BiltmoreWine

What I Did On My Summer Vacay

It was rather last minute: we had to drop off two of the boys near Asheville NC for summer camp, and I asked the Husband if he would be willing to stay an extra day to see Biltmore. I researched B&B’s, picked my favorite, he booked us, and we were off.

We stayed at the Wright Inn and Carriage House, an stately 1899 Victorian in the historic Montford district of Asheville. We booked the Griffin room, named for the architect of the house, and surrendered to the charms of this elegant, quiet neighborhood and it’s lovely homes. We were within walking distance of an upscale Carribean restaurant called Nine Mile (where we enjoyed a splendid dinner), as well as the northwest edge of downtown Asheville.

Biltmore was meh. I only had so much patience for the crowds, the lines, and viewing room after room of turn-of-the-century decor. I mean, what does anyone need with 250+ rooms? The gardens were much more compelling, although I was supremely disappointed that they weren’t selling seeds of any of the Biltmore plants, although they did have a (standard, boring) garden shop. Major oversight?

The winery, now, that was compelling. I waited in line to do my free tasting and sampled about ten of their wines. I didn’t realize they had any vines on the estate, but in fact they’ve been growing them for a number of years now, even though they only produce about 15% of the fruit for the Biltmore wines.

I was stunned by one wine in particular. Named for the most breathtaking room in the house, the Louis XV red is a cabernet franc, made with a single fruit that is typically a blending grape. I’ve never had a decent cab franc, ever, and was shocked to see the bottle with it’s gorgeous label showing the painstakingly restored black and red tapestry that adorns the room where two generations of the Biltmore family were birthed and raised. That one room is clearly the megastar of this house crammed with luminaries, so I never would have expected a cab franc to be the most boasted-about wine at Biltmore.

The Louis XV is quite new, and it definitely needs a year or two to settle down (I doubt I’ll have that much patience), but the structure and body of this wine is astounding. You don’t get free tastings of this one on the tour, but after seeing the bottle displayed prominently in the front of the store I struck up a conversation with one of the oenophiles who worked there and was immediately engaged in a lively conversation about the wine, after which he escorted me to an empty counter where he smoothly obtained a covert sample for me. I was doubtful but game, and the flood of blackberry, new leather, black pepper, lemongrass, and yes, even the sturdy tannin bite were a delight I won’t soon forget. If you can get it in your local store, you must.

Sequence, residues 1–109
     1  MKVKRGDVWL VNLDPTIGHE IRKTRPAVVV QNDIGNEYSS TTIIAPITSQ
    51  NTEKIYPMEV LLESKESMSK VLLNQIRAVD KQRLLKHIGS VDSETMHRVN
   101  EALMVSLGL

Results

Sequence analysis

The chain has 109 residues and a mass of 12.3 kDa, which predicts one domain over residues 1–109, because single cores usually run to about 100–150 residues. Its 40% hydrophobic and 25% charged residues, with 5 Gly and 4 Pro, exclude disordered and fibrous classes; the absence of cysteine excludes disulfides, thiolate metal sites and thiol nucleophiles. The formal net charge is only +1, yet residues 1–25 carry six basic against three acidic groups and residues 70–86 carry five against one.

I also purchased the only sparkling wine made of 100% Biltmore estate grown fruit, the Chateau Reserve 2006 Blanc de Blancs Brut. Fabulous, a second surprise. I didn’t know Biltmore had it in them. There were two lovely Spanish wines (always a favorite of mine): a limited release Malbec (almost sold out) and a Temprenillo; I brought home the Malbec but wanted both. Finally, I so enjoyed the Zinfandel that I made it my final selection and forced myself to stop, having racked up more than $100 worth of wine. Biltmore has gained a new customer.

I decided that I wanted to see Chimney Rock on the way home the next day, so we detoured about 45 minutes south and paid $14 to drive up the mountain. I was a little shocked at the price (not as shocked as I was at Biltmore’s price, which is $50/per person, although you can get deals online and through your B&B, which we did) but completely taken with the park itself. It’s a bit touristy, but we immediately headed out the Hickory Nut Falls trail and left the tourists behind. It was an easy, beautiful three-quarter mile hike out to the 400 ft Falls, and the breathtaking views are well worth the effort. It would be a good trail to run as well; plenty wide enough. We hiked back up from the Falls, climbed the multiple levels of pretty wooden stairs to the parking lot, scowled at the tourists waiting in line to take the elevator to the top of the mountain (this is heresy to me, I can hardly believe Americans will take elevators to the tops of mountains), and hit the 450+ stairs to the Chimney. Those stairs were fine going up, but a little more hairy coming down, as they feel barely tacked to the side of the mountain in some places, and the drops are precipitous, lethal, and in full view. We enjoyed a simple but romantic lunch at the summit, then made our way back down the mountain.

We drove a while, then stopped one more time in the Hickory Nut Gorge in order to climb out on the broad, warm stones in one of the rivers that leads to Lake Lure, and wade into the shallows to feed our leftover Captain’s Wafers to some friendly ducks. From Lake Lure it was another five hours to home, and our vacay was over waaay too soon.

But I have wine, six pretty photographs (all taken on my iPhone), and some lovely memories. If I went back again, I’d do the urban tour of downtown Asheville, then spend the rest of my time on the Blue Ridge Parkway. A plan for another time.

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